We are finding that metals are not the only toxic agents to affect IQ, learning, and memory.  A study published last year from Columbia University showed that a mother’s exposure to urban air pollutants known as polycyclic aromatic hydrocarbons (PAHs) can adversely affect a child’s IQ. PAHs are released into the air from the burning of coal, diesel, oil, gas, and other organic substances such as tobacco. In urban areas, motor vehicles are a major source of PAHs. The researchers found that children in New York City who were exposed in utero to high levels of PAHs had full-scale and verbal IQ scores that were 4.31 and 4.67 points lower than those of less exposed children.[23]

In another report, Columbia University researchers examined the association of prenatal exposure to a common flame retardant called PBDE (polybrominated diphenyl ether) with neurodevelopment.  Two hundred and ten cord blood specimens were analyzed for selected PBDE chemical varieties and neurodevelopmental effects in the children were assessed at ages 1, 2, 3, 4, and 6 years.  The findings demonstrated that adverse effects on neurodevelopment were related to cord blood PBDE concentrations.[24][25]  These investigators are currently leading a longitudinal cohort study initiated following the 9/11 attacks that includes 329 participants who were pregnant at the time of the event and delivered babies in one of three hospitals in lower Manhattan, to look at potential effects of prenatal toxic air exposures on neurodevelopment.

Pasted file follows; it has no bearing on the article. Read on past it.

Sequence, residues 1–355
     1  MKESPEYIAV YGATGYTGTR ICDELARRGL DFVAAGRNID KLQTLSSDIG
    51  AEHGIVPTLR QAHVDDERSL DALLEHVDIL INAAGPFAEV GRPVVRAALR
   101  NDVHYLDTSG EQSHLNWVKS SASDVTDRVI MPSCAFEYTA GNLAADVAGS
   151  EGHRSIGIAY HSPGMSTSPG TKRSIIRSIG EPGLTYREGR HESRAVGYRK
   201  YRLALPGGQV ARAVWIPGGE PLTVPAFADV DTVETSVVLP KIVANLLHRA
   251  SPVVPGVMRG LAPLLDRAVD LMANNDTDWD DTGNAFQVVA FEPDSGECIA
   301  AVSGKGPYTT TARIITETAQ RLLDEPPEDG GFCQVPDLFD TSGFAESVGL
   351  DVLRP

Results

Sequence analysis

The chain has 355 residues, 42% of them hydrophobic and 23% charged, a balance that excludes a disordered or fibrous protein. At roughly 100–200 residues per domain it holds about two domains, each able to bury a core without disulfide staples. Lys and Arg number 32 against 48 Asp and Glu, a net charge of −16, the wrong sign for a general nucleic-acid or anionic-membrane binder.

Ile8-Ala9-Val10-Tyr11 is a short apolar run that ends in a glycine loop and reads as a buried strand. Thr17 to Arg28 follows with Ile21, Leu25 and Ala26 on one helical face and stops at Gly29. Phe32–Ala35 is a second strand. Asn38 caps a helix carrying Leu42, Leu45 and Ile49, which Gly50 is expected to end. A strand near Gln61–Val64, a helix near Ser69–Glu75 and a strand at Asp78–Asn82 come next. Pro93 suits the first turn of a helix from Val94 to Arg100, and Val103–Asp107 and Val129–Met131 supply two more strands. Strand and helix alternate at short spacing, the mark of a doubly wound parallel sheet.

In a very different community, NIEHS funded researchers have been conducting a long-term, ongoing study of effects on growth, intellectual function, and ADHD of Inuit children exposed pre-and post-natally to polychlorinated biphenyls (PCBs), methylmercury, lead, and docosahexaenoic acid (DHA), which is the omega-3 fatty acid that is critically important for growth and development of neurons and retinal cells. The study, which was designed to be culturally appropriate to ensure accurate findings (cognitive tests were translated into the native Inuit language and adjusted for cultural understanding), has produced several unpublished findings concerning the transmission of pollutants in breastfeeding and the benefits of DHA during pregnancy. Although these findings will be published in the fall, specifics cannot be shared at this time, since our researchers agreed at the beginning of the study to review their findings first with the Nunavik Nutrition and Health Committee and the Municipal Councils of the three major Inuit villages where data collection took place. This study also is looking at transmission of methylmercury through breastfeeding; child body burdens from birth through 11 years of age; and the potential beneficial effects for children of increased intake of DHA by mothers, particularly during the third trimester of pregnancy.